ICT Policy



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Cablegate on African broadband: Sept-Nov 2009 (South Africa, Nigeria, Tanzania)

September 9, 2011  »  Broadband & BusinessNo Comment

Quite a few WikiLeaks cables deal with the behind-the-scenes of African broadband affairs. The various dialogues regarding the telecoms situation in Africa are surprisingly detailed and often proceed for well over a dozen paragraphs. Essentially, the United States routinely monitored the economic prospects in each country and provided updates to Washington.



Using we have listed the “juiciest” cables (if African broadband can be described as such), below. Many of the cables are extremely telling of what goes on behind closed doors and how the U.S. viewed African telecoms prospects from at least 2006-2009. The sentiments within the U.S. government probably still ring true today.

Summaries and notes will be listed in approximate reverse chronological order. Next up are three cables from September-November 2009. The main themes are privatization, Seacom, and end-user cost-reduction:

South Africa

  • Summary: More operators are allowed under the Zuma administration (compared with the Mbeki administration) and liberalization is improving ICT capacity. However, parastatals like Telkom will be around for years to come.
  • U.S. viewpoint: The pace of liberalization is encouraging for the entry of new foreign operators who will increase the level of service. Medium and small businesses will soon be able to have e-commerce services. There is great potential to connect rural areas and create large-scale ICT training systems. However, service quality will suffer until privatization is complete.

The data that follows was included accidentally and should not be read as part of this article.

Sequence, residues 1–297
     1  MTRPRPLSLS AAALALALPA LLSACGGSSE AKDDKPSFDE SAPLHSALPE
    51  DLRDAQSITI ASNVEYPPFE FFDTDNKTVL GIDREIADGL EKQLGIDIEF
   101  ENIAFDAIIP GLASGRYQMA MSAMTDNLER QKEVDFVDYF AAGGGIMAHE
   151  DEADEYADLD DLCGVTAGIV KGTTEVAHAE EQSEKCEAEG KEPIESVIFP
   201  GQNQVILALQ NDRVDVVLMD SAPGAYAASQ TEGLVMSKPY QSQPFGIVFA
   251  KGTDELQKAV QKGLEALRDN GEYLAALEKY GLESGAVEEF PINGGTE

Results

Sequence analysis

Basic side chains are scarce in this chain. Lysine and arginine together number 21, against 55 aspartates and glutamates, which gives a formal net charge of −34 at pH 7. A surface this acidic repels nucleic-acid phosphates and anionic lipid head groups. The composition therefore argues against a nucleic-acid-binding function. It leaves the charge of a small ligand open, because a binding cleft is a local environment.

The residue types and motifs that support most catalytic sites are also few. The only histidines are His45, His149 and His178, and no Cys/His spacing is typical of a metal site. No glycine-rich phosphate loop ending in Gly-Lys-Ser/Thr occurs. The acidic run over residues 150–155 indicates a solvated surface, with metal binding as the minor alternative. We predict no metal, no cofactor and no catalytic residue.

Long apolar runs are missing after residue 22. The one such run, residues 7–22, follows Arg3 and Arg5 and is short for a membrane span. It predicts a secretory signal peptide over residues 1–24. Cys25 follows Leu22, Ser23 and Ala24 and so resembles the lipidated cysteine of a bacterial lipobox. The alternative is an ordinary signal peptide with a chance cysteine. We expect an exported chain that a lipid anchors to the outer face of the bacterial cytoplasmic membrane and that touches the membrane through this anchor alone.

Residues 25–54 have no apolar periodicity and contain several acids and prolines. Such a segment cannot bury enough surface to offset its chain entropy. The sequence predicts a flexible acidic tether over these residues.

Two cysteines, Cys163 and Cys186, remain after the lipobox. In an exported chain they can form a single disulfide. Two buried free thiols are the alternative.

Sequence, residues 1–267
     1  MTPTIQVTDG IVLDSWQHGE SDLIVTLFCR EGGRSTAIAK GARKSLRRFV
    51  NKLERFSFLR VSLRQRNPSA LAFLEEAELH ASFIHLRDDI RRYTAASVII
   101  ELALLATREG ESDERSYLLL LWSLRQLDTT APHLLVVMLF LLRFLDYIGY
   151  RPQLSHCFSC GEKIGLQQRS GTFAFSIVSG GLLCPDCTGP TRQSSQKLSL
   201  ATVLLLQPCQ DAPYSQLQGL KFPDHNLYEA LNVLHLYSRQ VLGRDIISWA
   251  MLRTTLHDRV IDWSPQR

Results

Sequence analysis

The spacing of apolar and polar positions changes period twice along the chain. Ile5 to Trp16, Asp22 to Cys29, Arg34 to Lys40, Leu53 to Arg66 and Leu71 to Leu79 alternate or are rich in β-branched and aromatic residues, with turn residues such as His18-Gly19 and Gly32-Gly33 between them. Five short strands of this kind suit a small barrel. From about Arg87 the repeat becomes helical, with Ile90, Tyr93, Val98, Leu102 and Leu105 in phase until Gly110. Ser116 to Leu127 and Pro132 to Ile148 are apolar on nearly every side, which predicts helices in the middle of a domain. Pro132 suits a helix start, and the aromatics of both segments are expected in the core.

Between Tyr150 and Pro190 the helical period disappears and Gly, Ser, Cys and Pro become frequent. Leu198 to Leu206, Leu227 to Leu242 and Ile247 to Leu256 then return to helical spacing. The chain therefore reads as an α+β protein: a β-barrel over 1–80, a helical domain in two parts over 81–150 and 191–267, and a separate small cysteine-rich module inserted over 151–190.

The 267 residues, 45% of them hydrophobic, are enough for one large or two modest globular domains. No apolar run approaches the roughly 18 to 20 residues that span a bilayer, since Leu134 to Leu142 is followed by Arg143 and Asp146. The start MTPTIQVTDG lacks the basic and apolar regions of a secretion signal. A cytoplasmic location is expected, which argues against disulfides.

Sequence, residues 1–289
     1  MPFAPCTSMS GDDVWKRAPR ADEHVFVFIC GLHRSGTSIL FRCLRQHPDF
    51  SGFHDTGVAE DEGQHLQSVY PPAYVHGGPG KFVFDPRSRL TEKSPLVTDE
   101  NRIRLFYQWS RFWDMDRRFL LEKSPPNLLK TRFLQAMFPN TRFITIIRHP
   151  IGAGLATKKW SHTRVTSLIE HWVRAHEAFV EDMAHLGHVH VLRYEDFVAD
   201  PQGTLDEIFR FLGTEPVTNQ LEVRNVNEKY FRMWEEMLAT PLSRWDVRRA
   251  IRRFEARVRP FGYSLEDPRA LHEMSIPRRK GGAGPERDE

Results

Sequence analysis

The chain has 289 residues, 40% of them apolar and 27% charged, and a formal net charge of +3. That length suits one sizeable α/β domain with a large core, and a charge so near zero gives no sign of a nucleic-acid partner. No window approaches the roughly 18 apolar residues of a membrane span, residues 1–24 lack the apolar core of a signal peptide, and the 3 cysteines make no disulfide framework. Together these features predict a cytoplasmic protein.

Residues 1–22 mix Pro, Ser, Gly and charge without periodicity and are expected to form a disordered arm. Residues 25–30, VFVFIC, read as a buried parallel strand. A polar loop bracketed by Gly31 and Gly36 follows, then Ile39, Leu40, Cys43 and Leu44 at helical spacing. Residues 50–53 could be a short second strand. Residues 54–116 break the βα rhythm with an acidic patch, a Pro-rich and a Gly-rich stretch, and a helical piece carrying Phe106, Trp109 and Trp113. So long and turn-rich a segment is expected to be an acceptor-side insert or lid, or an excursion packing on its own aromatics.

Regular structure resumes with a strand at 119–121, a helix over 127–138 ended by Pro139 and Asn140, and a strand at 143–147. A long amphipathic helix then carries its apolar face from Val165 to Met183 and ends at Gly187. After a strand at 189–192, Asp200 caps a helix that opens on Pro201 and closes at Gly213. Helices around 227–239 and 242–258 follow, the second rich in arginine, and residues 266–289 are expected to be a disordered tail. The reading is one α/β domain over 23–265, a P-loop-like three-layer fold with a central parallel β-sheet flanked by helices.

• Many policies of Telecommunications Act of 1996 didn’t get implemented for nearly 10 years.
  • Neotel began operations in 2005 as the second fixed-line operator. The company supported SEACOM and last-mile projects.
  • Although very real, piracy concerns may have been used politically to conceal the delay of the SEACOM project. (The language used in the cable is “politcally expedient.”)
  • Financial incentives will be needed to encourage rural infrastructure and would be unprofitably at the start.
  • Link: Foreign Operators And Privatization Increase Competition In Ict Sector, Sag Still Favors Parastatals, November 9, 2009


  • Summary: ICT growth is expected to take off by 2011. As bandwidth is expected to triple, companies will need efficiently deliver the data via 3rd parties (and wireless).
  • U.S. viewpoint: ICT regulations are needed. Nigerian telecoms wish for multiple companies to share cell towers and for a new ISP to afford new fiber services like Main One and Glo. Internet access will benefit from WiMAX until fiber can reach rural areas.


  • Main One cable expected in Lagos around March 2010 and Glo is expected around that time. (These were on time)
  • Only 20% of fibre network is actively used as of late 2009.
  • Telecoms operator IHS is eying “dark fiber” (fiber with no light).
  • Each cell tower uses 60 liters of diesel per week which, in turn, costs 6,000 naira.